The Seals that I have met are all really nice guys, but you wouldn't want to mess with them. If you took away their guns and left them with only their boot laces they would still be dangerous. You can be very thankful that they are on our side.

    To be tried for war crimes, the first step is usually to lose a war. What you have described does not immediately strike me as war crimes anyway.

    The nature of classified information is such that one usually does not disclose whether one has some particular piece of information or not. When asked about something that relates to classified info, you neither confirm nor deny.
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  7. #6  
    Forum Bachelors Degree 15uliane's Avatar
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    I put the smiley face for a reason-I don't expect you to have any highly sensitive info, and if you did, I wouldn't expect you to disclose it.
    pomegranate cameron-
    I totally agree that a force like this woul need control. I think the code of honor is a good solution. From what I've see of miliary, they seem pretty upstanding citizens. Dr could probably help verify or deny that. I don't really understand what you said about governments, but I assumed it is a control mechanism.
    US ROEs are at www.fas.org/man/dod/docs/cjcs_sroe.pdf
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  8. #7 Re: special special forces 
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    Quote Originally Posted by 15uliane
    No holds barred, no Rules of Combat, with limits.
    Use of fear and intimidation tactics (mimic local superstitions, or plan unpredictable raids, etc.)

    I might get a lot of hate for this, but it is just an idea.
    Is it worth the war crimes if it is helpful enough?
    I'm usually not the one to say this, but I think you'd find the blow back would never be worth it. The things our forces do are never forgotten, even if later on we want them to be.

    In 1998 we sent a SEAL team into Bosnia to capture some war criminals by driving across the country side in an ambulance posing as medical workers. Kovachovich, in particular was held up in a hospital, so it made sense, and given the severity of his war crimes, it was understandable. But, later on when Bhurma (another place with war criminals) got hit by a massive hurricane, they decided not to let medical workers in to help the afflicted out of fear of the same thing happening again.

    If you don't want every physically fit medical worker in the world getting arrested and detained on sight, you've got to avoid setting a precedent of embedding special forces in medical caravans. The same logic can be applied to other things.
    Some clocks are only right twice a day, but they are still right when they are right.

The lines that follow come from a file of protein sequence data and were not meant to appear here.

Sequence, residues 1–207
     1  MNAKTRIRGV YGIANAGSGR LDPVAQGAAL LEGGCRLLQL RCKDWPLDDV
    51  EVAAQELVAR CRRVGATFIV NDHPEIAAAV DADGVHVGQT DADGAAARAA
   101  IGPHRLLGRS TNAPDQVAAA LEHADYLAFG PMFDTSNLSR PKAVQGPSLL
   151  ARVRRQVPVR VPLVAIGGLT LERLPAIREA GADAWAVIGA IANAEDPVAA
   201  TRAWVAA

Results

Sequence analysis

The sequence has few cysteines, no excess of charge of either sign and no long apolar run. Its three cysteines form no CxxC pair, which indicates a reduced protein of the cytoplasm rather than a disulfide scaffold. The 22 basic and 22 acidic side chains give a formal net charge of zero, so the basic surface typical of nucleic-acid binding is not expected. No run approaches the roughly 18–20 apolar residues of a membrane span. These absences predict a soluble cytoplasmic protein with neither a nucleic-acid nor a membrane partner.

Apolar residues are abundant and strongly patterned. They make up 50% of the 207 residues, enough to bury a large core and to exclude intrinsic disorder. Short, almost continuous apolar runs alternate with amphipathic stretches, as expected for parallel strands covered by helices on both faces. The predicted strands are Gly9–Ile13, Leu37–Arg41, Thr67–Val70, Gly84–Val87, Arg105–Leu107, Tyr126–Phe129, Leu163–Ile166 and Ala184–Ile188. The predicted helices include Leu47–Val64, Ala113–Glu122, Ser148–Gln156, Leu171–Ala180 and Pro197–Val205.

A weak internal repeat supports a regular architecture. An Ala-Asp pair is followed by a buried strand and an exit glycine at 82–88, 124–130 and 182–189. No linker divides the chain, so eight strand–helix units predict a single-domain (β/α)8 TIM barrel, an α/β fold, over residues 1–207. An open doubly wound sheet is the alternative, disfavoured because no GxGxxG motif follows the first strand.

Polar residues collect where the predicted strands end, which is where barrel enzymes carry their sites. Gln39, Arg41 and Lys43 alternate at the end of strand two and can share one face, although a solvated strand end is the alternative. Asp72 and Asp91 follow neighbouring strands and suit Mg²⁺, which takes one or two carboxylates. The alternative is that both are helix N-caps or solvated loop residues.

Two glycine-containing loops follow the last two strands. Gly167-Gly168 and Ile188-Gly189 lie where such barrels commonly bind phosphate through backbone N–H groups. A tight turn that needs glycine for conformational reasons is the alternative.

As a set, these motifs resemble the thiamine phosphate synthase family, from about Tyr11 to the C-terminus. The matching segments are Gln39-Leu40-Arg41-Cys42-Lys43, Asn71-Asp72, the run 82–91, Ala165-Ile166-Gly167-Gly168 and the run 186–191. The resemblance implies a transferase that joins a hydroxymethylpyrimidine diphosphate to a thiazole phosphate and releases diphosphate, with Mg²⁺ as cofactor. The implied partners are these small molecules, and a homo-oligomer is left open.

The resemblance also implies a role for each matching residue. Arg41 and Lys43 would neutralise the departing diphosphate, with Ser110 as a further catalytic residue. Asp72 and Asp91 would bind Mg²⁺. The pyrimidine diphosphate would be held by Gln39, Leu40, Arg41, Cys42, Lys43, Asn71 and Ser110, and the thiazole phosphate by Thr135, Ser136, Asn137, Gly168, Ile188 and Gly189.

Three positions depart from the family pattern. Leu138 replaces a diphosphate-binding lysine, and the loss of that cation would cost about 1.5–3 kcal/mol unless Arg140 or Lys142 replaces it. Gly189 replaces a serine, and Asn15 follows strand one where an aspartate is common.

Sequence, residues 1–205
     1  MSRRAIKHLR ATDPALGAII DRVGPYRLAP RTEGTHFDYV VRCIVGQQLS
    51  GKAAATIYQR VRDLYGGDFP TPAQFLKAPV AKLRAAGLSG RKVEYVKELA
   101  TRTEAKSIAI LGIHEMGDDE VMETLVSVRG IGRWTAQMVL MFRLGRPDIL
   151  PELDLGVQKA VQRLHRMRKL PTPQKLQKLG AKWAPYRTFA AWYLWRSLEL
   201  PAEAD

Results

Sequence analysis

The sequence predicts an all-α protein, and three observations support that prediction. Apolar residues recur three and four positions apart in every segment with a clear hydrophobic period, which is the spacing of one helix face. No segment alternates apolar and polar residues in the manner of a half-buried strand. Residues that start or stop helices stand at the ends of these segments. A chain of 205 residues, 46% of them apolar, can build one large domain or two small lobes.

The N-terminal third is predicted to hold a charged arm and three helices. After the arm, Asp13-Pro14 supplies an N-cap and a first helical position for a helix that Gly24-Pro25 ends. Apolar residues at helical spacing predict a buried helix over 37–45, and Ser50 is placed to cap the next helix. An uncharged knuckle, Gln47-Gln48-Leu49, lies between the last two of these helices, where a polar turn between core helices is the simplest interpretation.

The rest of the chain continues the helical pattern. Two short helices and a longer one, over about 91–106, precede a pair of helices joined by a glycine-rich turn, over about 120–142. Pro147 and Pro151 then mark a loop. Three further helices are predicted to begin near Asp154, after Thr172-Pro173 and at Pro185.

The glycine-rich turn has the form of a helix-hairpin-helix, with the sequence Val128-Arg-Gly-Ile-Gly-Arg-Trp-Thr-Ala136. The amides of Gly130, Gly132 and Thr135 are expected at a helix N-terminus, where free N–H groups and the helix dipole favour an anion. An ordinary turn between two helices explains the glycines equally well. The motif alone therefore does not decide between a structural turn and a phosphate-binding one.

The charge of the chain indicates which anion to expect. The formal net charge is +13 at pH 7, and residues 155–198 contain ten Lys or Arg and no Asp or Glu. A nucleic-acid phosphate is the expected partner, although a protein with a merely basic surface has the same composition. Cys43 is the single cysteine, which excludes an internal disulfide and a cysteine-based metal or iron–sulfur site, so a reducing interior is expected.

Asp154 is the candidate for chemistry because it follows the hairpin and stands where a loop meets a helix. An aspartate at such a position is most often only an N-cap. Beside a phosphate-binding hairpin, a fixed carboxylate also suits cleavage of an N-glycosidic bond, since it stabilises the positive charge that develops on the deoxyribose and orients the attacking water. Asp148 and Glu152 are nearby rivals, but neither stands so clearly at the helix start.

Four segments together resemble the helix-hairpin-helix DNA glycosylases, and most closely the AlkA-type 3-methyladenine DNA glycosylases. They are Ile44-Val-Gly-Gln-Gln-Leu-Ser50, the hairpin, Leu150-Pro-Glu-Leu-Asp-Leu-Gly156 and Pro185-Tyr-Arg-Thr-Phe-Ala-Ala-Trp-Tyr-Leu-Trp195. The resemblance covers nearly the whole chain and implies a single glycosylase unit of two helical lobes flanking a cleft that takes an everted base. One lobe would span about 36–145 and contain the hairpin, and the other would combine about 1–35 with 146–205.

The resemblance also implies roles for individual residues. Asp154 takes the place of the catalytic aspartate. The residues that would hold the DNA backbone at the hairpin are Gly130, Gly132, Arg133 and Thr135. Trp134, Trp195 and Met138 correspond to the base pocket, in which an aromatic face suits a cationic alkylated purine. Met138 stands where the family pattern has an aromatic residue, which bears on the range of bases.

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  9. #8  
    Forum Bachelors Degree 15uliane's Avatar
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    So you agree with pomegranate cameron, who said that embeding the troops would be bad?
    I kind of agree to a degree. As long as it doesn't hinder their effectiveness, and is absolutely harmful or dangerous, I would try to keep them undercover as much as possible.
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  10. #9  
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    Quote Originally Posted by 15uliane
    So you agree with pomegranate cameron, who said that embeding the troops would be bad?
    I kind of agree to a degree. As long as it doesn't hinder their effectiveness, and is absolutely harmful or dangerous, I would try to keep them undercover as much as possible.
    I'm just saying you need some things to be off limits, otherwise there are no civilians. Embedding troops among medical workers creates a situation where medical workers have to be considered a valid military target, because the enemy cannot be sure there are no military assets among them.

    You're only looking at this from one side of the coin. The first, and most important job of a soldier is to protect civilians (at least the civilians on one's own side). The worst way to fail at that job is to hide among civilians. Who cares what else you may accomplish if you fail at that first objective?
    Some clocks are only right twice a day, but they are still right when they are right.
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  11. #10  
    Forum Bachelors Degree 15uliane's Avatar
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    I agree-
    Your logic is pretty strong. If we start sending troops as medical workers, aid workers, employees or even civilians, it could make all of those groups targets, causing them, as you said, to fail at their job.
    I'm also not sure if I conveyed this (and this might sound like an insult, but it's not), but the troops would not be posing as civilians from their country.